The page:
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Discharges to the Sanitary Drains

I. The Issue:

Historically, many have thought of sinks and drains as an ideal spot for disposing of unwanted items... including chemicals. Unfortunately, improper disposal of chemicals via sanitary drains can create a number of health and safety issues. First, using laboratory sinks for chemical preparation and disposal as well as for food preparation and utensil cleaning can result in cross contamination and chemical ingestion. Also, the disposal of chemicals into sanitary drains can adversely impact indoor air quality if the materials collect in drain traps and slowly release emissions. Another point of concern is related to the disposal of water reactive materials to sanitary drains. These substances can react with water to release a gas or heat and energy. Depending upon the material, it may generate a noxious gas (e.g. chlorine based pool cleaners) or be explosive in nature (e.g. aluminum phosphide or sodium metal). A final concern is related to what environmental impact occurs where the drain ultimately discharges. Does the drain discharge to an on-site septic system which may create a local contamination problem or will the discharged material travel a distance and combine with other chemicals at a waste water treatment plant or receiving waters. One Massachusetts high school has been labeled a hazardous waste disposal site as a result of chemical wastes being discharged into laboratory sinks which resulted in the contamination of the sanitary leachfield serving the school. This problem could have been worse if the school had also been using an on site well for drinking water.

In light of these concerns, it is necessary that we prevent the introduction of hazardous chemicals into sanitary drains and that we establish appropriate measures for managing hazardous waste. Otherwise catastrophic environmental or personal injury may occur.

II. The approach taken:

While inspecting the high school science area in 1992 and 1993, I routinely noted that the staff appeared to be using the sinks for solution preparation and chemical disposal. I also noted that much of the science staff used the sink in the central preparation area for both chemical handling and food preparation. These observations suggested that the staff was using improper hazardous waste management practices. In addition, the use of the sink in the central preparation area for both chemical handling and food preparation increased the likelihood of cross contamination and accidental chemical ingestion by the staff.

Routine and repeated observations involving improper chemical handling around the science department sinks prompted the Board of Health to review existing records to determine what disposal procedures and hazardous waste disposal records existed. As a result, we discovered records dating to 1971 suggesting that the high school science department had routinely disposed of its hazardous waste via the sanitary sewer system. In addition, the science department had on occasion contacted several municipal departments regarding the flow rate and outfall of the municipal sewer system with the intent of optimizing the dilution of the materials discharged to the sanitary sewer. No records were available to indicate how the hazardous waste generated by the school or science department had been managed prior to 1993. These findings suggested that the staff may have disposed of chemicals via the sanitary sewer system.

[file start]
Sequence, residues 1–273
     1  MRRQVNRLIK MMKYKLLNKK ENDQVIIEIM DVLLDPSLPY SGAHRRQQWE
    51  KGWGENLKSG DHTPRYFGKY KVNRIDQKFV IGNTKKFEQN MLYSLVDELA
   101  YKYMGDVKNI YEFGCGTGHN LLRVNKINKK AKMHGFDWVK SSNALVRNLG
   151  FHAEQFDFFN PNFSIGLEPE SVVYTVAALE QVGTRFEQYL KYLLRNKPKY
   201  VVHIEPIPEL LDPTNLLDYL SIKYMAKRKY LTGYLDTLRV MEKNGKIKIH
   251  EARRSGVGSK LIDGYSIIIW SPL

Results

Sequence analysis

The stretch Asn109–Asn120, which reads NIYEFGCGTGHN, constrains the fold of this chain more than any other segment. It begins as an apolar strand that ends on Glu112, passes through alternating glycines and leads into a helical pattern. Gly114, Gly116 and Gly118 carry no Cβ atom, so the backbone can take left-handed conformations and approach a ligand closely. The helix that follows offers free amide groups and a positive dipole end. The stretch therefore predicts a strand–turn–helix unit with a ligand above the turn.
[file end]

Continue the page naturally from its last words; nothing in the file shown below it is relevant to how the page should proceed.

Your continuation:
As a suburban community located in close proximity of metropolitan Boston, Burlington is a member of the Massachusetts Water Resource Authority (MWRA). The MWRA is a quasi-governmental regional agency responsible for providing drinking water and treating sewerage for many communities in eastern Massachusetts. In Burlington, the MWRA is responsible solely for the treatment of sewerage. In the 1980's, the treatment and inspection methods of the MWRA were deemed inadequate and antiquated when the Boston Harbor was identified as one of the most heavily polluted harbors in America. Much of the contamination discovered in the harbor was believed to be the result of chemical contaminants being discharged into the sanitary sewers and then into Boston Harbor via the MWRA system. In response to these problems, the MWRA has adopted some of the most stringent discharge limitations for organic solvents and heavy metals. Using this information, we established local discharge standards consistent to or more stringent than those established by the MWRA. Next, we trained and informed the staff with regard to the existing discharge requirements. At the same time, we also assisted the school department with the establishment of new hazardous waste management procedures.

During follow up inspections conducted in 1994, we continued to find evidence that the staff might still be using the sanitary drains for chemical disposal. After lengthy discussions, it was learned that the some of the staff learned that the MWRA did not actively permit and regulate schools and as a result a number of the staff members incorrectly believed that the discharge limits established by the MWRA did not apply to the school. In order to end this debate, the Board of Health adopted an active enforcement policy with regard to the local discharge standards. The risk of incurring a $200 fine per violation per day of noncompliance provided the motivation for most teachers to significantly reduce the volume of hazardous waste being discharged via the sanitary drains at the high school.

III. Observations made:

Random inspections of the high school science department conducted between 1992 and 1994 resulted in the routine observation of chemical containers stored in sinks or materials being emptied in sinks. In addition, the laboratory sink located in the central preparation area and adjacent to the department office was frequently found to be used for chemical preparation and food handling. These practices suggest that inappropriate materials may have been discharged via the local sanitary sewer. The possibility also existed that cross contamination could have occurred between chemical containers and eating utensils and resulted in accidental chemical ingestion.